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Pickin' on Nashville

Nashville Music Classic hosts its third annual bluegrass festival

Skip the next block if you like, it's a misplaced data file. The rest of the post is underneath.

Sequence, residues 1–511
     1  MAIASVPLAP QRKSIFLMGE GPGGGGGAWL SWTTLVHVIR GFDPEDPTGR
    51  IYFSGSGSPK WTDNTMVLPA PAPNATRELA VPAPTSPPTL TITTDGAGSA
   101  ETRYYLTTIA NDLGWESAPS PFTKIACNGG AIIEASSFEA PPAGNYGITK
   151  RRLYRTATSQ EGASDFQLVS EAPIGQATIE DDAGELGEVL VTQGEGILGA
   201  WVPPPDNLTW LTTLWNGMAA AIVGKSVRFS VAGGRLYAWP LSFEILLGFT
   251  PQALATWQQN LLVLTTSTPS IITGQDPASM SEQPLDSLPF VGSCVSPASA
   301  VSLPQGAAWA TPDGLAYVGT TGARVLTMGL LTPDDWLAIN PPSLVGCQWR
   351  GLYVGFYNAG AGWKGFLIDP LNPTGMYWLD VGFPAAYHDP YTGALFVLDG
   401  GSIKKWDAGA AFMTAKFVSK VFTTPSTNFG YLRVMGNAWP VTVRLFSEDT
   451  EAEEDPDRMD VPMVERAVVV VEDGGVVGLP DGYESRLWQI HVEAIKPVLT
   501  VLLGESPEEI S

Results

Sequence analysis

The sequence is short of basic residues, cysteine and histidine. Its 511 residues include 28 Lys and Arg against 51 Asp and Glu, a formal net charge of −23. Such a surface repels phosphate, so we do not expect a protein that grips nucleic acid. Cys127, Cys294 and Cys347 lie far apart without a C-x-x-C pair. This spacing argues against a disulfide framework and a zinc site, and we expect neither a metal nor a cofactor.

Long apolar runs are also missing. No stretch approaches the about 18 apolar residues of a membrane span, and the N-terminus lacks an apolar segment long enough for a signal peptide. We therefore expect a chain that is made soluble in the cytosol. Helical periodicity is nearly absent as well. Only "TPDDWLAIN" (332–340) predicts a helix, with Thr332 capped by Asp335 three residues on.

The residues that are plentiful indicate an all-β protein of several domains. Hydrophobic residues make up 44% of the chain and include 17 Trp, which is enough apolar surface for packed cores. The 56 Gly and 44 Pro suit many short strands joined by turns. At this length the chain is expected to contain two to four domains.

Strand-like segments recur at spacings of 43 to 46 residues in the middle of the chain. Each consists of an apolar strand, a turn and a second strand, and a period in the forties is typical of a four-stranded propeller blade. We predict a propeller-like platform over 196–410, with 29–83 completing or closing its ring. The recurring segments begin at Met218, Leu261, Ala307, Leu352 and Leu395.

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“Everyone thinks you just open the gates and people pour in, but we work 10 months out of the year,” Lester Armistead says of the Nashville Music Classic Festival. There’s a mingling of mirth and exasperation in his voice, and it’s totally understandable. Though Nashville is the birthplace of bluegrass and home to far more than its share of the music’s stars, it’s never been an especially hospitable area for a bluegrass festival—those gatherings of faithful fans, determined jam-session hounds and curious newcomers that are still the foundation of the music’s economy and community. So it’s all the more remarkable that the Classic, which opens for its third year on Sept. 30 at nearby Ridgetop’s Smiley Hollow, looks like it will at least hold its own in this season of elevated fuel prices. (Fans frequently drive hundreds of miles to attend a favorite festival, as do the artists who entertain them.) And for those who live in the Nashville area, the NMC offers an unrivaled opportunity to catch not only a well-conceived assortment of bluegrass artists, but country favorites, too, including Dierks Bentley, who will head straight from Smiley Hollow to the Grand Ole Opry for his induction into the venerable show’s cast. Given Bentley’s long association with Nashville’s bluegrass community—he spent countless hours hanging out at the Station Inn in the years before he signed with Capitol Records, and a considerable number since—that journey is so appropriate as to seem providential. Indeed, Lester’s son and co-conspirator, Mike Armistead, was privy to the news of Bentley’s induction long before the star himself. “His booking guy sent me an e-mail about five months ago saying that they needed to bump his time all the way back to 1 in the afternoon,” Armistead says. “But I wanted him in a prime spot, so we went back and forth a few times, and I finally said, ‘What’s the special deal? Is it his mother’s birthday? You’ve got to come clean with me.’ And then he told me—but he said I couldn’t tell anybody, that there were only six people who knew, and if word got out, they would know it came from me. I didn’t tell Lester for a good while; I didn’t even tell my wife.” Yet if Bentley is, under these circumstances, the main attraction at the two-day festival, he’s hardly the only one. A panoply of top-notch bluegrass artists will be on hand, including IBMA award winners and current nominees like The Grascals, IIIrd Tyme Out, James King, Ronnie Reno and the Cherryholmes Family, as well as country and Americana favorites Cowboy Jack Clement and Gail Davies, among others. “It’s not just a bluegrass festival, it’s a music festival,” Mike Armistead says, and he’s right. While most of the artists on the bill perform in and around the city on at least a semi-regular basis, the combination offers an unusual opportunity to hear them together in one long (but not too long!) and comfortably priced sitting. Beyond that, the Classic brings to the area an all too rare taste of an essential bluegrass experience, for a bluegrass festival doesn’t revolve only (or sometimes even mainly) around what’s happening onstage. Wander out among the campsites, and you’ll hear old friends and strangers who have never played a note with each other come together for jam session performances that can sound as if they’ve all been lifelong musical partners. It’s a scene with a charm, beauty and power all its own—and right now, Smiley Hollow is the only place in the Nashville area where it can be found. For more information, visit www.nashvillemusicclassic.com.

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